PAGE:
www.qwika.com /rels/Ernst_Mayr   (1654 words)

  
 [No title]
Species A gave rise to species B via the process of speciation and became extinct when species B invaded the range of species A. If this hypothesis is correct it would be predicted that both species A and species B should be found in the layer between the two original strata.
Species A became extinct and then species B, which lived elsewhere, migrated to the locality sampled and so only appears to have evolved from species A. This hypothesis would predict that neither species should be found in the intermediary layer.
Species selection as a process of differential extinction would seem to be reducible to the individual level - species survival is a function of individual survival.
www.holycross.edu /departments/biology/whealy/notes_text/o.text   (3069 words)

  
 Allopatric speciation - Wikipedia, the free encyclopedia   (Site not responding. Last check: 2007-10-26)
Ernst Mayr, an evolutionary biologist and famous proponent of allopatric speciation, hypothesized that adaptive genetic changes that accumulate between allopatric populations cause negative epistasis in hybrids, resulting in sterility or inviability.
Allopatric speciation may occur when a species is subdivided into two large populations (vicariant or dichopatric speciation) or when a small number of individuals colonize a novel habitat on the periphery of a species' geographic range (peripatric speciation).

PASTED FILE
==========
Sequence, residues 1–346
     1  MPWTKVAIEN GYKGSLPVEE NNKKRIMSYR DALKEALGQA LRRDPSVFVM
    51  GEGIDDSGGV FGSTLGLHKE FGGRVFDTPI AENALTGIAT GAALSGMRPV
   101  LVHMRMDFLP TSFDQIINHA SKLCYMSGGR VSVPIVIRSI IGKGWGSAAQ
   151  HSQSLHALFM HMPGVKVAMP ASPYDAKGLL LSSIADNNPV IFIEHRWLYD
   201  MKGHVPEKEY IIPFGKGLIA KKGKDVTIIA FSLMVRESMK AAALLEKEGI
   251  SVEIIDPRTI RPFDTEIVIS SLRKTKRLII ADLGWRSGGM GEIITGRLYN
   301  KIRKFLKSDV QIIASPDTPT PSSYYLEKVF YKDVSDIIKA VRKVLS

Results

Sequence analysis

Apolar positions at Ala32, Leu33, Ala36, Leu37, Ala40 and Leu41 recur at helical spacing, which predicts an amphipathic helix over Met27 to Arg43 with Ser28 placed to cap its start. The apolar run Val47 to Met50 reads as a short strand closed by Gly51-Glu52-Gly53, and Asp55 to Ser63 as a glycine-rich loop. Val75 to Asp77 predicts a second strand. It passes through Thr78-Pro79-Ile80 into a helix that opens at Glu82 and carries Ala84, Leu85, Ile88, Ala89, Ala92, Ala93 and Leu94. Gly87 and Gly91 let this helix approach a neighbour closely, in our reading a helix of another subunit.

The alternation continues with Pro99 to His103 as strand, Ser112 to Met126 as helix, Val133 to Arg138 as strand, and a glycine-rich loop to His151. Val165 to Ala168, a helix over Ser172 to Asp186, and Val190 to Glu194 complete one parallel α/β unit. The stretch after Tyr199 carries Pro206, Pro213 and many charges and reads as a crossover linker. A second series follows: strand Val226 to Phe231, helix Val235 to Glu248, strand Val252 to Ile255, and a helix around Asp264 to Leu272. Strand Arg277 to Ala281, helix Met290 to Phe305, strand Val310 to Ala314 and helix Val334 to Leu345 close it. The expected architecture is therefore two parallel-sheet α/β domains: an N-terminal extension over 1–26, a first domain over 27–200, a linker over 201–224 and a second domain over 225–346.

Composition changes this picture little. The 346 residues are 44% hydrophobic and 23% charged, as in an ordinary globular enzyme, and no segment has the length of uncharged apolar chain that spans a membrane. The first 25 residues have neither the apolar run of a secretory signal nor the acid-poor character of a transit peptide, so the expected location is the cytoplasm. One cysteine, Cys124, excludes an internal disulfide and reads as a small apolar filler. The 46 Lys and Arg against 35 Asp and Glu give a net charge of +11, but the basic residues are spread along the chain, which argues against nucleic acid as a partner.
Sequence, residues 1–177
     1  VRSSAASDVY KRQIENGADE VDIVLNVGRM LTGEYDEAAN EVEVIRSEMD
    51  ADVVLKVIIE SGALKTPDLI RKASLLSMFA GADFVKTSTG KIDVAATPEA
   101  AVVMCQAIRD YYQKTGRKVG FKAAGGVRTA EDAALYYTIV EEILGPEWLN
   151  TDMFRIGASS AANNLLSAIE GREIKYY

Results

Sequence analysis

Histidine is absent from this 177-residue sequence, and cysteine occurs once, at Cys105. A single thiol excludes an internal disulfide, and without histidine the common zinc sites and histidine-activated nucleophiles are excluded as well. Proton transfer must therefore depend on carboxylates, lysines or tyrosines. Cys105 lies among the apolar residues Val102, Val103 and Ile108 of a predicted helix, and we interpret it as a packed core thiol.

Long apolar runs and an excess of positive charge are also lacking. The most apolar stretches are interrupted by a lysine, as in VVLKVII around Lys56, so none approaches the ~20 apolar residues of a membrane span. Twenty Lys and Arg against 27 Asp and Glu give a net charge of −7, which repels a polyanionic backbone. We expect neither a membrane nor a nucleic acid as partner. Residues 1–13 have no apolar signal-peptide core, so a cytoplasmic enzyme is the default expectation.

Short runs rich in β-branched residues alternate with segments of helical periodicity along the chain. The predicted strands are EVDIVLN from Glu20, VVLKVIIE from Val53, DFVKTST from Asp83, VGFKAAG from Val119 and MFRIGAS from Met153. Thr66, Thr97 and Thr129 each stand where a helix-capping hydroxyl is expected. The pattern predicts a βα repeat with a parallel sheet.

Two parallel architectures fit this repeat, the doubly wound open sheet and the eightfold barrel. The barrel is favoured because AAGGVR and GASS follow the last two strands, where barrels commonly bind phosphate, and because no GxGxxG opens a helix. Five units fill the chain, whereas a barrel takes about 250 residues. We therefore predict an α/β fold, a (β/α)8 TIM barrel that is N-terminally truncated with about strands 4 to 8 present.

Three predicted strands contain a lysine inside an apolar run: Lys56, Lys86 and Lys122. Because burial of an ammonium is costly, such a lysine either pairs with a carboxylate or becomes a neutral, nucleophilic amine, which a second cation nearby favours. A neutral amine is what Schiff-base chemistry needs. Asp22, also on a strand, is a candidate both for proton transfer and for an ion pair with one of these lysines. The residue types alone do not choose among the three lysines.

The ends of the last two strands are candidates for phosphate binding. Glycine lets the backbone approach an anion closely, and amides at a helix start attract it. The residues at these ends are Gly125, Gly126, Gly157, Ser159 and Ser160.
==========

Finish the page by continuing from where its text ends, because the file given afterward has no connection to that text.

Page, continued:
Proponents of peripatric speciation contend that small population size in the peripheral isolate allows genetic drift, which can be a more powerful force than natural selection in small populations, to deconstruct complex genotypes, allowing the creation of novel gene combinations.
88.208.194.172 /wiki/index.php/Allopatric_speciation   (283 words)

  
 Speciation: sympatric speciation, the speciation and biogeography of bird, definition of speciation   (Site not responding. Last check: 2007-10-26)
There are four modes of natural speciation, based on the extent to which speciating populations are geographically isolated from one another: allopatric, peripatric, parapatric, and sympatric.
In peripatric speciation, new species are formed in isolated, small peripheral populations which are prevented from exchanging genes with the main population.
New species have been created by domesticated animal husbandry, but the initial dates and methods of the initiation of such species are not clear.
en.advantacell.com /wiki/Speciation   (1552 words)

  
 Species and Speciation [MT Dorak]
Speciation is thus seen in terms of the evolution of isolating mechanisms and is said to be complete when reproductive barriers are sufficient to prevent gene flow between the two new species.